Claims that Prince Harry was given "inappropriate help" by an art teacher in his AS-level coursework have renewed a debate about the value of coursework in exams.
By Angela Harrison
BBC News education reporter
The allegations - denied by the royal family and Eton - were made by an art teacher during an industrial tribunal where she is claiming unfair dismissal.
An investigation by the exam board Edexcel found no evidence of malpractice.
Critics of examined coursework say the system is open to abuse, but supporters argue it is a good motivator which also helps pupils who are not good at revision.
BBC education correspondent Mike Baker says there are three main areas of concern about coursework.
"The first is the danger of plagiarism, of pupils copying work from the internet or friends," he said.
"Then there is the help from home. It is difficult for parents, but there is a difference between showing children where to find information on the internet and writing out whole passages.
"Thirdly, there is help offered by teachers: work is marked by teachers and can be sent back between teacher and pupil and this can make a difference."
Exam boards are on the look-out for cheating. Last year, the three main English exam boards found roughly 3,500 cases of "malpractice", or cheating. This can include actions such as taking mobile phones into exam halls as well as plagiarism.
Coursework was introduced with GCSEs in 1988, when it was possible to complete a whole exam subject with it.
But since then, the proportion of coursework has been scaled down.
Coursework typically accounts for 30 - 40% of an exam, except for subjects such as design and technology where the proportion can be higher.
At the Royal Hospital School, near Ipswich in Suffolk, the languages department choose not to have any examined coursework.
Languages teacher and head of drama at the school Simon Warr explained why on BBC Radio Five Live's Mayo programme.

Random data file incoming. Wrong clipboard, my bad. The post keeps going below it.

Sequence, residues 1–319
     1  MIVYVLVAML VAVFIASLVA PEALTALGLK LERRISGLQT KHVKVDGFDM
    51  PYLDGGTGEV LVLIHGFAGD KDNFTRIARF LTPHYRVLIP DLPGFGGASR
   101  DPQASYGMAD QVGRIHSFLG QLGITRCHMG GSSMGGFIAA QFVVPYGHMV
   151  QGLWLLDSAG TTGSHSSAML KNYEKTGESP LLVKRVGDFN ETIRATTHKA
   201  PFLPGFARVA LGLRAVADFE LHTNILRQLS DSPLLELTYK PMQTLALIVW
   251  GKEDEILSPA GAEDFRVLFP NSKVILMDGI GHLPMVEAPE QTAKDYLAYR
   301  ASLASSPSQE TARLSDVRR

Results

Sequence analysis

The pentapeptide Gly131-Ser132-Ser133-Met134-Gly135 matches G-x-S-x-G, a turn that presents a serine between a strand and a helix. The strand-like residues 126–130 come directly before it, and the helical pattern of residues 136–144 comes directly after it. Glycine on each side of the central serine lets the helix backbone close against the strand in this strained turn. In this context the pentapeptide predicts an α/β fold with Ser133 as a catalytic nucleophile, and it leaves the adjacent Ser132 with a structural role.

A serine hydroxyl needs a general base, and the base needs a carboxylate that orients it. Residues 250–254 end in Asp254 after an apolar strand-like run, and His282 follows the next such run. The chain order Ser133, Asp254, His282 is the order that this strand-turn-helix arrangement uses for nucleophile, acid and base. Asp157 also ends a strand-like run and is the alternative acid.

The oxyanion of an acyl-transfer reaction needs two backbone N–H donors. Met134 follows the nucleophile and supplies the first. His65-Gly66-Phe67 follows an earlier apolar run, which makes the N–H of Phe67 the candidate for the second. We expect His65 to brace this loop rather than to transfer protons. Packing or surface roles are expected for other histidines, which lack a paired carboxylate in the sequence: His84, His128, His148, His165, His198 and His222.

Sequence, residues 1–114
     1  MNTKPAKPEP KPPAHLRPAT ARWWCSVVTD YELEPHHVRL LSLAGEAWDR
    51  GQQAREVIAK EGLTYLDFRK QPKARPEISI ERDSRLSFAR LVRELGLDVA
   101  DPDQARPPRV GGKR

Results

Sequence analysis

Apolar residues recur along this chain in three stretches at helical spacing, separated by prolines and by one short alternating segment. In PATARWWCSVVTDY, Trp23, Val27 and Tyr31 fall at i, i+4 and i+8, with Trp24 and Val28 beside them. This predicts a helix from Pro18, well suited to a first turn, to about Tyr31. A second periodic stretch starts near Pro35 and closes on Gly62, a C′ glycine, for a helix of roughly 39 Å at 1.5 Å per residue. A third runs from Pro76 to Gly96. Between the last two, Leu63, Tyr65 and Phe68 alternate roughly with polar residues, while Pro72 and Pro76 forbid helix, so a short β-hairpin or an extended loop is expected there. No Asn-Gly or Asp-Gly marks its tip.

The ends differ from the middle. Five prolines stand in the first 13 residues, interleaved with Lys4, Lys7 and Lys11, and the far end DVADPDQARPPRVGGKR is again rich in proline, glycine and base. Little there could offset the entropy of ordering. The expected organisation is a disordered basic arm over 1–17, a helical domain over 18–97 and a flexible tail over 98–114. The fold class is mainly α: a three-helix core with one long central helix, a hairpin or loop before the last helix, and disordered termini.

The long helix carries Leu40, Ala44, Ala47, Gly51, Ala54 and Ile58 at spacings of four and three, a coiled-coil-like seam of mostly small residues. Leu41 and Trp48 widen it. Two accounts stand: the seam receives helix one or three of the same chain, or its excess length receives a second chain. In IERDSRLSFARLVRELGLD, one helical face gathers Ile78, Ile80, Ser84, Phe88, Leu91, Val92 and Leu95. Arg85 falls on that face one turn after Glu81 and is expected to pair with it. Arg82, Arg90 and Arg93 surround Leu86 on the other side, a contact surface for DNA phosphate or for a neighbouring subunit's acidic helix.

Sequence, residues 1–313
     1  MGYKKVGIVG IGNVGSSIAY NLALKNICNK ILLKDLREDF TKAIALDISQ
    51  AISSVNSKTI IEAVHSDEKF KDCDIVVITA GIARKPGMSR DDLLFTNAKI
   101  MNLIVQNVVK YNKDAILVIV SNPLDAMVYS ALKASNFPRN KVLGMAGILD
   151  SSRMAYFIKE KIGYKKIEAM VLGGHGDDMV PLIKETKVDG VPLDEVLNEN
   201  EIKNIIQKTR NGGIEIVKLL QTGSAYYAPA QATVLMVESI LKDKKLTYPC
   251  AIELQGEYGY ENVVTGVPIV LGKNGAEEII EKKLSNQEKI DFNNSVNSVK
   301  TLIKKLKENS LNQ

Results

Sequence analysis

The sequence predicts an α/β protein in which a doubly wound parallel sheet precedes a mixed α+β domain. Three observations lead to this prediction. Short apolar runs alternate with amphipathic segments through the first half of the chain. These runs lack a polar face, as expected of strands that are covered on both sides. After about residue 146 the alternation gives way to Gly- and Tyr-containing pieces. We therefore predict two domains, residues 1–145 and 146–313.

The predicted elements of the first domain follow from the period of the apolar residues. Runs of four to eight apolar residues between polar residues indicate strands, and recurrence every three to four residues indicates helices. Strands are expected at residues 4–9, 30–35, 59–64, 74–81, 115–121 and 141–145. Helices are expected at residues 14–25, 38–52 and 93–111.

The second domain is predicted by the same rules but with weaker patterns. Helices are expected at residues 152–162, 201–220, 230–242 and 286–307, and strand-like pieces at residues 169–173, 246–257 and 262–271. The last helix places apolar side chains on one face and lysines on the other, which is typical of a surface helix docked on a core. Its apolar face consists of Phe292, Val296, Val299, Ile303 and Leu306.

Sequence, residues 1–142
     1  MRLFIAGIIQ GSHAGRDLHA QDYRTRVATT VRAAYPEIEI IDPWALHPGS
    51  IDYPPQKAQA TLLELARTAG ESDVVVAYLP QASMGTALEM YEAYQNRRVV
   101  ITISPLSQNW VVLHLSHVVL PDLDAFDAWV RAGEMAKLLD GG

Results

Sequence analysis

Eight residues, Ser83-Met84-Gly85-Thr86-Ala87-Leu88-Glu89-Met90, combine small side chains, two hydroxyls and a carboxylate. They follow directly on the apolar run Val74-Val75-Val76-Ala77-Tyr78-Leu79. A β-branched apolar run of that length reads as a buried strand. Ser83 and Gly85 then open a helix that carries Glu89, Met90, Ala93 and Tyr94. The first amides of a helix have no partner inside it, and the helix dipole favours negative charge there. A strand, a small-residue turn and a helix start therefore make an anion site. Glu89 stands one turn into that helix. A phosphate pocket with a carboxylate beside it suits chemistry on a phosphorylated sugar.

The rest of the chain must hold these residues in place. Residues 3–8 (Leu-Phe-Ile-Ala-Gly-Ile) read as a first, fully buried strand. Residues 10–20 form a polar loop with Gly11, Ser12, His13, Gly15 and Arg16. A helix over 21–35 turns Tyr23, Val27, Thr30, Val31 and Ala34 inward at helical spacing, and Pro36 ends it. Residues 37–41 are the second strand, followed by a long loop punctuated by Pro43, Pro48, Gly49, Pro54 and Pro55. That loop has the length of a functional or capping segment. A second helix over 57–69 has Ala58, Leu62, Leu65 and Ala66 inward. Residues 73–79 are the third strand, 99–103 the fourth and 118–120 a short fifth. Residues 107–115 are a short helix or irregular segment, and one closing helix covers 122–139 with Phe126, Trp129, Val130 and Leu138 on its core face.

"Can you think of anything less motivating than bogging pupils down with this constant drafting and re-drafting?
"It leads to boredom. It's an onerous process. Teachers are submerged for weeks, marking and re-marking. And if pupils produce work which is substandard, it is just given back and given back until it is ok."
Mr Warr said he could understand why coursework could be good for pupils who find exam situations very difficult and also good preparation for university.
But he said it should be done by pupils going away to research a subject but then coming into school, to produce the coursework under supervised conditions.
"At the moment the temptation to cheat is inexhaustible and those pupils who are disadvantaged are those where the parents are not interested in education," he said.
Martin Ward, deputy general secretary of the Secondary Heads Association, said there was merit in the system, despite some problems with it.
"The notion that spending two years learning something, then, two weeks beforehand getting it stuck in the back of our minds and then writing it down in a splurge in an exam is a useful skill to have I am very doubtful about. That's not the way we work in real life.
"The sort of work we are talking about (coursework) is a better preparation for what most people will do in higher education or in most types of employment."